The following is the ninth installment of an extended report on one of the most important geopolitical developments of the 21st century: the increasingly comprehensive alliance between China and Russia and its implications for Eurasian and regional powers across the planet. To follow the series, click here.
Western propagandists blithely overlook that the Sino-Russian alliance is built on strong foundations. Do not forget for a moment that Xi Jinping’s first overseas visit as president was to Russia – in March 2013, a full year ahead of the Ukraine crisis that led to Western sanctions against Moscow. Yet Western analysts insist that the Russian-Chinese entente was a “pivot” by Russia, ensuing from its estrangement with Europe.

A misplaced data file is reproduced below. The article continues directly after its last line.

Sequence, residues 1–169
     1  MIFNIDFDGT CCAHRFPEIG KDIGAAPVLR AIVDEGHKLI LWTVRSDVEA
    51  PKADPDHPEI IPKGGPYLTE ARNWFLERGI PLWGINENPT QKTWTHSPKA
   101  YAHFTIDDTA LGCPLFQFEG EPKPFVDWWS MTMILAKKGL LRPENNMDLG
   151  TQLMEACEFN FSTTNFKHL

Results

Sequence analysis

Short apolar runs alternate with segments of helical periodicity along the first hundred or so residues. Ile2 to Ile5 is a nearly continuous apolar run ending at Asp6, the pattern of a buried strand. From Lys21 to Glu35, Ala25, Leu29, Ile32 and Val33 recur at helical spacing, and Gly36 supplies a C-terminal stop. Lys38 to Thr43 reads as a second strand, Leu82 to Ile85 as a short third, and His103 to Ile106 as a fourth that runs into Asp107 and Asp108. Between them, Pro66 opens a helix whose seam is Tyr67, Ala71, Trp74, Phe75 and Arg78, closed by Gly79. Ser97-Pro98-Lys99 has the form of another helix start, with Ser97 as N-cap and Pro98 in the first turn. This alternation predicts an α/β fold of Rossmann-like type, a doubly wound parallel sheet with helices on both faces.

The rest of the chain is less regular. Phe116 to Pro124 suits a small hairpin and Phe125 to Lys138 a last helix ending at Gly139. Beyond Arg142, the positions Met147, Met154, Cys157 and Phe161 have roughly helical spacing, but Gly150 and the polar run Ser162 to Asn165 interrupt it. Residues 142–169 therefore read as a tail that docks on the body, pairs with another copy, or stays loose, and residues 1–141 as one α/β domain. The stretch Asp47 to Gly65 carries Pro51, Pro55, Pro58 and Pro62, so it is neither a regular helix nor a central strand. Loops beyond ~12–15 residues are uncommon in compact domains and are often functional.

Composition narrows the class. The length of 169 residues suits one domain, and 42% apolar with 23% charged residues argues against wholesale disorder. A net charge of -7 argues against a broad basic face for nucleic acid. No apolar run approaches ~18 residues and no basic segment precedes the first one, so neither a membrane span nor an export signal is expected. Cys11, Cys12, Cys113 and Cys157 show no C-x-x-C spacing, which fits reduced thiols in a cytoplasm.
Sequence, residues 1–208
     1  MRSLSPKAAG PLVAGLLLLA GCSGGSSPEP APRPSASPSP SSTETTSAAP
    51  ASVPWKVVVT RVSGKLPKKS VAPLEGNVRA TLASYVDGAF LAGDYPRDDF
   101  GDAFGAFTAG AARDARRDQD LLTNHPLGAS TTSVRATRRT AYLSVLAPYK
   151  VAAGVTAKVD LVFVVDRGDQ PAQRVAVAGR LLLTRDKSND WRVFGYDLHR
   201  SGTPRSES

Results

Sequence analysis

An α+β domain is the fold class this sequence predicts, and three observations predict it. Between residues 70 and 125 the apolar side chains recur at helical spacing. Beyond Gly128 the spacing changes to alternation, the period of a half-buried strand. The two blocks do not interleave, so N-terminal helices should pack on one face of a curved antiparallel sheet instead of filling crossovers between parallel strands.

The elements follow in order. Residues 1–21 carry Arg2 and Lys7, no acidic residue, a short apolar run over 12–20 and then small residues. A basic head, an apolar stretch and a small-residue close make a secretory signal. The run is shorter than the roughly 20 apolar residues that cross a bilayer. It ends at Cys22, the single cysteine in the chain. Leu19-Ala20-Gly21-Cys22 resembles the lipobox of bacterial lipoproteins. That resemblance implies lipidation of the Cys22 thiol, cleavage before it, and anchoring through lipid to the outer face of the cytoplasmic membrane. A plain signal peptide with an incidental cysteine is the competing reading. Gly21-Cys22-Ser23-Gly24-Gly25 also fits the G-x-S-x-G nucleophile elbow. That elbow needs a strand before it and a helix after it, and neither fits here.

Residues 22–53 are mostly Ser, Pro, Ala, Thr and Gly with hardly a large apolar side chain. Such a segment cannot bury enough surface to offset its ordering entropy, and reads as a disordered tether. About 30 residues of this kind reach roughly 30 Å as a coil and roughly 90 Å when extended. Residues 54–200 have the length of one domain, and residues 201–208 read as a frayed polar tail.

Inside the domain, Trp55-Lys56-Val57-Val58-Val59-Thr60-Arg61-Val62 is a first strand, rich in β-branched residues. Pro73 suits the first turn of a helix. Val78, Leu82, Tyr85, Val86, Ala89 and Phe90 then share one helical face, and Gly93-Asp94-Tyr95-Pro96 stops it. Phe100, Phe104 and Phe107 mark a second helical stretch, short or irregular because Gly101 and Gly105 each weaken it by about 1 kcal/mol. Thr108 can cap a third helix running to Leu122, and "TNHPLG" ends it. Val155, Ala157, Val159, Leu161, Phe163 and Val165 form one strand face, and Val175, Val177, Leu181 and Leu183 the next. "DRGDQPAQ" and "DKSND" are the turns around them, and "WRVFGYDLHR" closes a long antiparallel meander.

Speaking ahead of his visit to Russia, Xi said the two countries were “most important strategic partners” who spoke a “common language.” He called Russia a “friendly neighbor,” and said the fact that he was visiting so soon after assuming the presidency was “a testimony to the great importance China places on its relations with Russia. China-Russia relations have entered a new phase in which the two countries provide major development opportunities to each other.”
In an interview with Russian press on the occasion of Xi’s visit, President Vladimir Putin said Russia-China cooperation would produce “a more just world order.” Russia and China, he said, both demonstrated a “balanced and pragmatic approach” to international crises. (In an article in 2012, Putin had called for further economic cooperation with China to “catch the ‘Chinese wind’ in [its] economic sails”.)